Townlands of Camross

The townland is the base unit of Irish geography. The name of the townland one grew up in can often evoke far more emotions in an expat than that of parish, county and even country. Locked within the names of these parcels of land is an untold history that can go back for thousands of years. Townland names are among the most tangible and ‘live’ links to the first Gaels of Ireland that remain to this day.

Much of the work on the toponymy of Laois was carried out almost a century ago by Helen Roe, the first County Librarian of Laois. She was born in Mountrath in 1895 where she developed a love of folklore, archaeology and history. She researched history extensively and over the course of half a century she became one of the most respected authorities on early Christian Ireland. In 1932 she conducted a thorough research project on the place names of Laois but the research remained unpublished until the typescript was rediscovered 2006.

Place names from Camross, as well as notable place names from around the Slieve Blooms, have been taken from Roe’s research and are presented here as an introductory step into to the history of Camross.


Achadh Dubh

Black field


Eanach Truim

Marsh of the elder tree


Ard Eireann

Height of lreland

The highest peak of the Slieve Bloom Mountains at 527 metres. It is the 399th tallest peak in Ireland.


Bealach Ladhradh

Forked pass or road

This townland is now known as Neilstown.


Bealach Mór

Great road


Baile na Ralach

Town of the oak tree



A lame man



A fort or city

The word Cathair – a stone built fort occurs in very few place names in Ireland and is very unequally distributed. The name does not occur in Ulster, and is only twice found in Leinster,


Cam Ros

Crooked wood


Ceapach an Arbh

Plot of the corn land


Caisleán Mhic Chonaire

McConors Castle



A trench or pool


Cluain na Slighe

Meadow of the road

Roads in lreland were called variously, Slighe, Bealach, Bothar and Tochar. Those called Slighe, or bealach were usually large and important highways, fit to carry large bodies of traffic, while the bother was smaller. Tochar is applied to causeways or lanes, sometimes constructed of logs lashed together or paved ways across soft land. Indeed, the hill now more commonly known as Moll Joy’s Hill, was known as ‘the tochar’ up until the early 20th Century.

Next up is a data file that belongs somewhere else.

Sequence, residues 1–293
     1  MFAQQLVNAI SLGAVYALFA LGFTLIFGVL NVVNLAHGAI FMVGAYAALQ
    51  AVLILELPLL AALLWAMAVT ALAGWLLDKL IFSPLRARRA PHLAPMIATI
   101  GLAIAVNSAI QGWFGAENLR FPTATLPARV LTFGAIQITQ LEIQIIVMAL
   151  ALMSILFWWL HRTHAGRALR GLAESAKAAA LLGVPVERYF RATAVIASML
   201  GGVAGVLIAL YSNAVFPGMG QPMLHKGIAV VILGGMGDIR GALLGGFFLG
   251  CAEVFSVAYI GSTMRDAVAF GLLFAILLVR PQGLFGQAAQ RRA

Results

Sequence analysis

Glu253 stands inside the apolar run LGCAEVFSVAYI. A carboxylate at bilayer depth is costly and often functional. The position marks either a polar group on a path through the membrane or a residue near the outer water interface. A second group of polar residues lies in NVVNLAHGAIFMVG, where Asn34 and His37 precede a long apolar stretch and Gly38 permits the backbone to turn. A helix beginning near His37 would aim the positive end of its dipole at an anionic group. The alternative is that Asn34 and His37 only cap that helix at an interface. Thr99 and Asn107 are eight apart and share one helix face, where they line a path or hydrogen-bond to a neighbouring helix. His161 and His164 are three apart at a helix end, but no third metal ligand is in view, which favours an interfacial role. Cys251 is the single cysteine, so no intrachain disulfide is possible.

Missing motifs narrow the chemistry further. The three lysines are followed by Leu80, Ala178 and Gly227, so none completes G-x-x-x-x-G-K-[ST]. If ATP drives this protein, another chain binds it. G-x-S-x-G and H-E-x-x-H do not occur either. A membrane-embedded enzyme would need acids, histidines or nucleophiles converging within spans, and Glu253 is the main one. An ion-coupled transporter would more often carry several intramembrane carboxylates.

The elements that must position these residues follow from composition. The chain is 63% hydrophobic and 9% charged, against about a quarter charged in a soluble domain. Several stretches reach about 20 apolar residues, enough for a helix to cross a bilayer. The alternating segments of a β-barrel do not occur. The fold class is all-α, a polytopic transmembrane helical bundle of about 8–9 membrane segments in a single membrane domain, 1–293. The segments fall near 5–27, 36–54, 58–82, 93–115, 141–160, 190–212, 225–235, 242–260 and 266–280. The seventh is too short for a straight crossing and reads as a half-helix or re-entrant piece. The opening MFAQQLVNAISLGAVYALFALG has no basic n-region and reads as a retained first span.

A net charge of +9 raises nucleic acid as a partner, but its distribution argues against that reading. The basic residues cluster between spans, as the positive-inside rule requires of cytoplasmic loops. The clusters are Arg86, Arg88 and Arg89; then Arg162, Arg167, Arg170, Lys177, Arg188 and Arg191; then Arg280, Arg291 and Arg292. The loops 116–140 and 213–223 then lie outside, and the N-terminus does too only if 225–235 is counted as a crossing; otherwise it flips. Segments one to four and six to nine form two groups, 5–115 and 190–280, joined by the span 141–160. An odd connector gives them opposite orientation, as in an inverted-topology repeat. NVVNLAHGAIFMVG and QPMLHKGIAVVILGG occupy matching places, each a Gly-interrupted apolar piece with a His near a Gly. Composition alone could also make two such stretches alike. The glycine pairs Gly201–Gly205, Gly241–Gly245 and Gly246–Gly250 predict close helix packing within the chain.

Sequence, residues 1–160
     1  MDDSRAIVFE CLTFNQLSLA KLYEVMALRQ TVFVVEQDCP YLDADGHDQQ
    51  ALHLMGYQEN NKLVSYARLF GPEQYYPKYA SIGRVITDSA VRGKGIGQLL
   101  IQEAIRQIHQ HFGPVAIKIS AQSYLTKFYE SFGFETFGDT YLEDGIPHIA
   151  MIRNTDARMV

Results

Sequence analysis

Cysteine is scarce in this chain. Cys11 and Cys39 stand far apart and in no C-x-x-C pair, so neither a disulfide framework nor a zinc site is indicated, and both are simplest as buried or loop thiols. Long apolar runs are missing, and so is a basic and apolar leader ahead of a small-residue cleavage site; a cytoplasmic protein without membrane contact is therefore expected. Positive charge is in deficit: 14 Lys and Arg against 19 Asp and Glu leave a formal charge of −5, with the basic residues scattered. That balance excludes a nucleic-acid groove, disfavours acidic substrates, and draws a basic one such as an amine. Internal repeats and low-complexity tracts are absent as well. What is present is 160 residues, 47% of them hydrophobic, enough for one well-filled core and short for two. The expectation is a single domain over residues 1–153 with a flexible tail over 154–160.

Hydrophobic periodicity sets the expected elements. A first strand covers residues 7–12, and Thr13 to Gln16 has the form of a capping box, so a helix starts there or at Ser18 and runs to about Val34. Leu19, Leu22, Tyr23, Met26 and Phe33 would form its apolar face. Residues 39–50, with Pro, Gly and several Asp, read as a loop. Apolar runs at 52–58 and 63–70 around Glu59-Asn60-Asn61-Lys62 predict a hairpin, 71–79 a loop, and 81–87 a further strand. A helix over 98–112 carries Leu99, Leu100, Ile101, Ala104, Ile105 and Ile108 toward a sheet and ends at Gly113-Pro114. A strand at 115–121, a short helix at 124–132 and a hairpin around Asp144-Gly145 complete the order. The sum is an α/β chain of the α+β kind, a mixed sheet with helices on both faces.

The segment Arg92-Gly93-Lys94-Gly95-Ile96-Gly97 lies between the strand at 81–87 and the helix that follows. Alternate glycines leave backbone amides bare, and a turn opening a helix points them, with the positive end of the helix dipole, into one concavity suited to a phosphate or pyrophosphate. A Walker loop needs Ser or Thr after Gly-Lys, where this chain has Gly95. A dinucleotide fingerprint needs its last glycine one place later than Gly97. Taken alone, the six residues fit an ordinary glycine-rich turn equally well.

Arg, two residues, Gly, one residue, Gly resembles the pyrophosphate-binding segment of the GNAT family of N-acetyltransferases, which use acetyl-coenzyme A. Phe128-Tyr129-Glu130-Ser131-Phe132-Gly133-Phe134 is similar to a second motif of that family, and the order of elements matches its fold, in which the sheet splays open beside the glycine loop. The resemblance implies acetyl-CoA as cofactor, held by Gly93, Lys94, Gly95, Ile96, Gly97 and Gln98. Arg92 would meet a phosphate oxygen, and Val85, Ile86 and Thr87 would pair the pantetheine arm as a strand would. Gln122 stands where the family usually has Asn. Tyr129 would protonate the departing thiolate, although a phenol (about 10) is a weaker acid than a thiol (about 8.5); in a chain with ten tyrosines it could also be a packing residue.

Cluain Coille

Field of the wood

Given as Cluain Cullaig in early texts. It is also suggested that the name may be Cluain Caillighe, the nun’s field.



Little meadow


Gleann Glasa

Glen of the two streams

Clondeglass, near Lacka, appears on the Down Survey map as Glendaglas, which seems to point to Glenn Ghlais, but it could also mean Glenn dubh Ghlaise, glen of the dark stream. The same difficulty arises with the name now called Glenaglass, which might equally be Cluain dubh ghlaise or Gleann na glaise, (field of the dark stream, or glen of the stream, respectively)


Cúl Rúithín

Back of the little rath



Shares or divisions



A confluence of rivers

The Derries

Na Doirínthe



Doire Cantoin

Canton’s oakwood

The name Canton comes from the family name of FitzAnthony in its lrish form of Mac Antoine.


Doire Garbh

Rough oakwood


Doire Leathan

Broad oakwood


Doire na Saorach

Oakwood of the freeman

In ancient times the Irish were divided in the social scale according to rank, ranging from the king down to the slave population. There was an important group of persons belonging to the free class (soer), which included certain trades and craftsmen. The non-free (Doer) were not slaves, but rather filled the places of serfs in the medieval feudal system.


Garraí Fionn

Fair garden


Gleann Bearbha

Glen of the Barrow or silent river


Gleann Bodhar

Deaf glen

The use of the word bodhar – deaf, in local names is not easy to explain, but someone once suggested that if you speak loudly, as you must to a deaf person, you will get a reply (an echo).